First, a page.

Huff Indian Village State Historic Site
The site is in pristine condition, and the community layout is easily seen on the surface. Depressions marking the locations of more than one hundred lodges are arranged roughly in rows, paralleling the river bank. The rectangular shape of the houses is still evident in the depressions on the ground. A large ceremonial lodge faces an open plaza near the center of the settlement. The entire settlement is surrounded by a massive fortification system consisting of a ditch more than two-thousand feet long with ten well-defined bastions. The village, including its fortifications, covers about twelve acres. In a modern city residential area of the same size —
Residents of Huff Village were clearly concerned about conflicts with other Indian peoples in the region. The village was densely settled in order to minimize the length of site perimeter to be defended. Huff villagers were most likely concerned about attacks from other village farmers, probably ancestors of historic Arikara Indians, who moved from the Central Plains into South Dakota during the AD 1400s. Today, the Fort Berthold Reservation in northwest North Dakota is home to the Mandans, along with the Hidatsa and Arikaras.
Upper right: Huff Village aerial showing planed arrangement of houses inside the fortification ditch
Bottom right: 3-D image of Huff Village in its setting on a Missouri River terrace. Breaks and upland terrain back the village while forested plain was along the river front.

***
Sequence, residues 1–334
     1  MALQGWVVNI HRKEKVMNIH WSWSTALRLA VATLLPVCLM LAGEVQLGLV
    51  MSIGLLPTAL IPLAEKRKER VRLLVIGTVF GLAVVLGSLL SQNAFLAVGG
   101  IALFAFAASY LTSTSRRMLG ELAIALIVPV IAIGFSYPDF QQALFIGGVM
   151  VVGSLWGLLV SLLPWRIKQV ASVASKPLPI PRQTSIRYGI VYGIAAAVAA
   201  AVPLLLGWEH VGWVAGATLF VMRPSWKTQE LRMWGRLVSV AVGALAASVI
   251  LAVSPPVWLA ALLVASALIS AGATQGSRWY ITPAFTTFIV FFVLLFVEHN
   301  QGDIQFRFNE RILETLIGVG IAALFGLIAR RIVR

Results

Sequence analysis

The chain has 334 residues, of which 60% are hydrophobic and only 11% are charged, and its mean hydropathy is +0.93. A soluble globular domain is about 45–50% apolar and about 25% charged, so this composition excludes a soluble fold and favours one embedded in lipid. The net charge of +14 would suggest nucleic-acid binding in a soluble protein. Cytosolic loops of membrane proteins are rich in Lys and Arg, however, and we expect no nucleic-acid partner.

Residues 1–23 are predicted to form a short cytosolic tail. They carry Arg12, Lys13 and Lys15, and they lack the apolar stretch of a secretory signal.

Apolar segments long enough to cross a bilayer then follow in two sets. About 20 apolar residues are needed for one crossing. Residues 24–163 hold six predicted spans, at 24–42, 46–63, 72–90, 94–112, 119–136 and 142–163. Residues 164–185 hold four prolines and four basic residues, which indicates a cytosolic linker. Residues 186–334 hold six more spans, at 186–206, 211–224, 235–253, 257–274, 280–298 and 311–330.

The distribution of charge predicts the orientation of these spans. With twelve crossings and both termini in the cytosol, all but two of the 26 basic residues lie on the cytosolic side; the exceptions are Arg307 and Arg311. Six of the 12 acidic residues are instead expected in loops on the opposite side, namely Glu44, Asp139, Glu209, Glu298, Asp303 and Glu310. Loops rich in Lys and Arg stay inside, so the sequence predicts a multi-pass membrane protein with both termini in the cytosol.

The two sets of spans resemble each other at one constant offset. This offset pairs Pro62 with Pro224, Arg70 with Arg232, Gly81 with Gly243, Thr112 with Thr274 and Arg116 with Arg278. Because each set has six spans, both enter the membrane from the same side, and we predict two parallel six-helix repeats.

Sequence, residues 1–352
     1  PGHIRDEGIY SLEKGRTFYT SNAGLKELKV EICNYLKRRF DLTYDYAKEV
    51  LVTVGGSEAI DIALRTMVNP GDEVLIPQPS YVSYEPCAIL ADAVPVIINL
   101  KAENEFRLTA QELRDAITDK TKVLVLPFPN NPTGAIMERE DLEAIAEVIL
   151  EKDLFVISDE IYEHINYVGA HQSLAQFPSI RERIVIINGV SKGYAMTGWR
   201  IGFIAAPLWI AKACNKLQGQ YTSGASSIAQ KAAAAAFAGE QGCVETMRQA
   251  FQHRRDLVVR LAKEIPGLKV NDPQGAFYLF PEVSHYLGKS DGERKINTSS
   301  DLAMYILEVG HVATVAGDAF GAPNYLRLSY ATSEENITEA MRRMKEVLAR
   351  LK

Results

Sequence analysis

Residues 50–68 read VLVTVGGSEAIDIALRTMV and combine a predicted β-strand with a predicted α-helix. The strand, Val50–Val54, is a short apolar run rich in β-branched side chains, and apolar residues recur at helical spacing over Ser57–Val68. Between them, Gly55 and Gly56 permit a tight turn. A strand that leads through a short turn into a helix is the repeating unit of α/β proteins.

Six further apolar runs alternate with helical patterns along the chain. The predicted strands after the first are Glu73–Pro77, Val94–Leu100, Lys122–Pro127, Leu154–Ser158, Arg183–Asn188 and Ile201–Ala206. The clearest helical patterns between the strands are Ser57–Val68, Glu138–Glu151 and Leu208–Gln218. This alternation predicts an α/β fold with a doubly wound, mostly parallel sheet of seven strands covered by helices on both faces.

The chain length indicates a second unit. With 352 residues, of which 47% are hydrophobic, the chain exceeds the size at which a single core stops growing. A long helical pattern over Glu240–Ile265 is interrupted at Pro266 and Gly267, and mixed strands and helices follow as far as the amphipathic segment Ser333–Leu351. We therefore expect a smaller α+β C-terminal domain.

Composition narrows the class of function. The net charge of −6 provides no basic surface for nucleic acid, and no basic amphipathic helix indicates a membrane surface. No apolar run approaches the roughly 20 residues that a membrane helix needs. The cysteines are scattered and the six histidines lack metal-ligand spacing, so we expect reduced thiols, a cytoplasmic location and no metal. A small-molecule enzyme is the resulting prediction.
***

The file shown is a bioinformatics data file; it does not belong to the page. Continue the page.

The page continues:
Lower left: 3-D image of Huff Village showing fortification system and arrangement of houses.
Erected by State Historical Society of North Dakota.
Topics. This historical marker is listed in these topic lists: Anthropology & Archaeology • Native Americans. A significant historical year for this entry is 1450.
Other nearby markers. At least 8 other markers are within 14 miles of this marker, measured as the crow flies. Huff Indian Village Dates to AD 1443-1465 (here, next to this marker); Village Fortifications and Human Conflict (within shouting distance of this marker); Archaeological Excavations of Houses (about 700 feet away, measured in a direct line); Fort Rice (approx. 7.8 miles away); The Founding of Fort Rice (approx. 7.9 miles away); Fort Rice After General Sully's Expeditions (approx. 7.9 miles away); First Masonic Ceremony Held in the Present State of North Dakota (approx. 10.1 miles away); Civilian Conservation Corps (approx. 14 miles away). Touch for a list and map of all markers in Huff.
Also see . . . Huff Village State Historic Site. (Submitted on August 7, 2020, by Connor Olson of Kewaskum, Wisconsin.)
Credits. This page was last revised on August 8, 2020. It was originally submitted on August 2, 2020, by Connor Olson of Kewaskum, Wisconsin. This page has been viewed 159 times since then and 44 times this year. Photos: 1. submitted on August 2, 2020, by Connor Olson of Kewaskum, Wisconsin. 2. submitted on August 8, 2020, by Connor Olson of Kewaskum, Wisconsin. • Mark Hilton was the editor who published this page.
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